glory of California, which was reward
lndeed. •
The successful handling of the floats
T .nß. In « Measure, due to the skill of
ftlec(rlcj<in Prank Humo and Fireman
a, trrioh. ,-■ :■: ■:,:■:.' .- vj «..-'■ • •
T lip beautiful bluo eapphlra la also
<>Hn of .tho ancient BtnnnH iind la the
same name In nearly all Inneruafres. In
Chaldean, Hebrew, Qrook and Latin the
word had tho sama form up in modern
tongues. '
■In early times it was eonnldered a
preventive of despair ■ ana of fire, ■ a
destroyer ot poison and mads Its wearer
chaste, virtuous, pious, devout and
wise. lii tile Old dispensation the sap
phire was designated as belonging- to
Simeon and among tlio apostles to An-
Burton, the African explorer, is said
to have always carried a star sapphire
about with him as a. moans of winning
respect from the barbarous peoples
among whom he Journey t>d. The. say
ages believed that the stone must be a
talisman of great power, and feared to
lncur Its owner's enmity. :;;«mK»attttfia
MOONSTONE
It was a very wise old moon that
loomed up above a sea of clouds tc help
represent moonstone, on what was one
of the most beautiful of the electrical
floats.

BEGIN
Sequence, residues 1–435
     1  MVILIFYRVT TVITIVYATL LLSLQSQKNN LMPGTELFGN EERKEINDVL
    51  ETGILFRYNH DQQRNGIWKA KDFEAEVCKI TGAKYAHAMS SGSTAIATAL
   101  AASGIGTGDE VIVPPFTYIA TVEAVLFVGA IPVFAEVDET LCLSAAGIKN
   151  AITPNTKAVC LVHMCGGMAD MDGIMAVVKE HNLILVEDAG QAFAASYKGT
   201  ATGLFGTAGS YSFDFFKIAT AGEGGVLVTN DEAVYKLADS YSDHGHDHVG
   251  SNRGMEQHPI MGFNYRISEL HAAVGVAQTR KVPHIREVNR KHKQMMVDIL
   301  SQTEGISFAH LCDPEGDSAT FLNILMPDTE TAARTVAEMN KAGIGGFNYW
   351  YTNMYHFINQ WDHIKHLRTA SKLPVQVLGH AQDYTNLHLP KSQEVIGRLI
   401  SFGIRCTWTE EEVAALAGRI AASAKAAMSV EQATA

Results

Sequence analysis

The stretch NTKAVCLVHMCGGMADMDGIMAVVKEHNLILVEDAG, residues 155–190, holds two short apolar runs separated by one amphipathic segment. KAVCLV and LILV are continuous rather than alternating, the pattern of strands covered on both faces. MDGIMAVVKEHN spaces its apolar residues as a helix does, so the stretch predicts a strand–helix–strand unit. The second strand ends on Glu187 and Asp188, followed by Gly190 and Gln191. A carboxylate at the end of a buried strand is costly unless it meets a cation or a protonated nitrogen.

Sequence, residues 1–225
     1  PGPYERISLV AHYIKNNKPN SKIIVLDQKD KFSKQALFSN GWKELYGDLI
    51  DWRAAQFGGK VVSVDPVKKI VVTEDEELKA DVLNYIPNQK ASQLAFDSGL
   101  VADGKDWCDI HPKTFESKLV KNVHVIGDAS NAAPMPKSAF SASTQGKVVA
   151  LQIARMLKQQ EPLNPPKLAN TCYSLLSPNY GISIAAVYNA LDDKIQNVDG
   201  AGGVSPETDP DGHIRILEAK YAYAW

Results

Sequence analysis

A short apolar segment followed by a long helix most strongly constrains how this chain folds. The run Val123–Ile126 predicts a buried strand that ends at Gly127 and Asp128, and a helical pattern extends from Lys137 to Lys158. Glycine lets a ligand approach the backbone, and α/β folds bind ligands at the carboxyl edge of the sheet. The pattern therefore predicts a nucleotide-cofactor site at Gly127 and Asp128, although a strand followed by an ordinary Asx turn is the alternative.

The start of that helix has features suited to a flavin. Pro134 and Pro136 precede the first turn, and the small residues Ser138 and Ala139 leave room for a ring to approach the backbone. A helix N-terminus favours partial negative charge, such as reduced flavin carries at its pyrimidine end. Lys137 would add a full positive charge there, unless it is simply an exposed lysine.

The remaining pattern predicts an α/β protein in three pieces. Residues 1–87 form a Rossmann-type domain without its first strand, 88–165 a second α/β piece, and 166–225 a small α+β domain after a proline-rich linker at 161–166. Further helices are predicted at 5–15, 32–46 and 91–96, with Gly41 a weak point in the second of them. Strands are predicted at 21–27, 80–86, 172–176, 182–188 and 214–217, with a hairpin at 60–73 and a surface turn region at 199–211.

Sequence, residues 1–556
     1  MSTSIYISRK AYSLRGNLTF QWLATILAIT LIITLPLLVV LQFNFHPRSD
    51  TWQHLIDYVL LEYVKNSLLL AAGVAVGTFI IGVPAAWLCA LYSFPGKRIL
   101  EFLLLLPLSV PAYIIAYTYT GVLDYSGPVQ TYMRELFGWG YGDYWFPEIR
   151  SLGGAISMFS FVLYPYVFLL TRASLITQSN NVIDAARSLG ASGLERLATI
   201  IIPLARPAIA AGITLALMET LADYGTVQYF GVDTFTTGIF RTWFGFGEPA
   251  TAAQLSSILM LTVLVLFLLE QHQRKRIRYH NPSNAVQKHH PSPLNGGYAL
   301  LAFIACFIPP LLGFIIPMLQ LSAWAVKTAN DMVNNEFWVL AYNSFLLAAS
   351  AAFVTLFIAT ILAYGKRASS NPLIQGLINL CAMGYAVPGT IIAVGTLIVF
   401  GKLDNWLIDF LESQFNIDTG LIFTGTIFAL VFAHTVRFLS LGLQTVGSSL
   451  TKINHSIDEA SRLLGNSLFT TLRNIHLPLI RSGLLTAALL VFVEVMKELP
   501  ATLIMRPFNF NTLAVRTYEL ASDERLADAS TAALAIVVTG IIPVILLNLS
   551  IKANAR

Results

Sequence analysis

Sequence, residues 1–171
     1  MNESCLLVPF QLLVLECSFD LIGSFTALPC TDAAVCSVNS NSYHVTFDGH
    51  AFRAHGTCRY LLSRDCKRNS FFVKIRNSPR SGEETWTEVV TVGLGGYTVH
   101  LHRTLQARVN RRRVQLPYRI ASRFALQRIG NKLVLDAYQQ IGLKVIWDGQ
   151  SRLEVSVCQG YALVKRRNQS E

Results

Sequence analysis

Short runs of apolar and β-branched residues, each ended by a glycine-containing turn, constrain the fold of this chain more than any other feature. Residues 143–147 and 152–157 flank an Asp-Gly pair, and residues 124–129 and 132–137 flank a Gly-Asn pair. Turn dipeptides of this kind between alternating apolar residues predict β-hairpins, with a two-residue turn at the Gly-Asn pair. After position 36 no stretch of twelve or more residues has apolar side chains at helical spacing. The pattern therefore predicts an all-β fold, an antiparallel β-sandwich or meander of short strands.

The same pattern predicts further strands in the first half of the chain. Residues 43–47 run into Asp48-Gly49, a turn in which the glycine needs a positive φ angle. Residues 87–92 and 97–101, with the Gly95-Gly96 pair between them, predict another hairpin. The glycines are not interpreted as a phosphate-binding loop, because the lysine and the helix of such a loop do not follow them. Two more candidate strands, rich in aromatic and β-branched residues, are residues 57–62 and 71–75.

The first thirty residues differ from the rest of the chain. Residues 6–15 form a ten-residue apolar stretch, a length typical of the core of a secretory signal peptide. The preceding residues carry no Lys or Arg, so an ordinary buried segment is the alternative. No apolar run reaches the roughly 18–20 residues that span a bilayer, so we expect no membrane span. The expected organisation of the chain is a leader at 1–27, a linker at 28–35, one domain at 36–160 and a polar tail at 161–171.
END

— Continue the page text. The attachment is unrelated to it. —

It winked knowingly upon the entranc
ing maidens, basking In the warmth of
Its glow as it turned on its orbit. It
grinned at all who gased upon It with a
grin that was half demoniac and half
approving, and It moved from side to
side as If afraid It would miss something
worth seeing.
If there are any who ever doubted hav
ing seen the man in the moon they will
doubt no more, for he was much in evi
dence. His face was a laughing one and
red lights gleamed In his grinning mouth.
By an intricate mechanical contrivance
his eyelid was made to move at Intervals
and this caused him to wink. Surround
ing the outer edge of the moon were
rows of yellow electric and outlining the
bluo clouds beneath It were twinkling
blue lights with here and there a red one
to give a vivid touch of color. At each
side of the moon was a grotesquely
shaped figure resembling a Jack-ln-tho
box and these Jumped up and down In
the most puzzling and unexpected way
Imaginable. Where most of the floats
tried to strive for the beautiful, this float
endeavored to give a touch of the grotes
que and humorous, and the designers of
it succeeded In their effort to a remark
able decree.
In flowing robes of colors mingling with
the colors of the float the maidens sat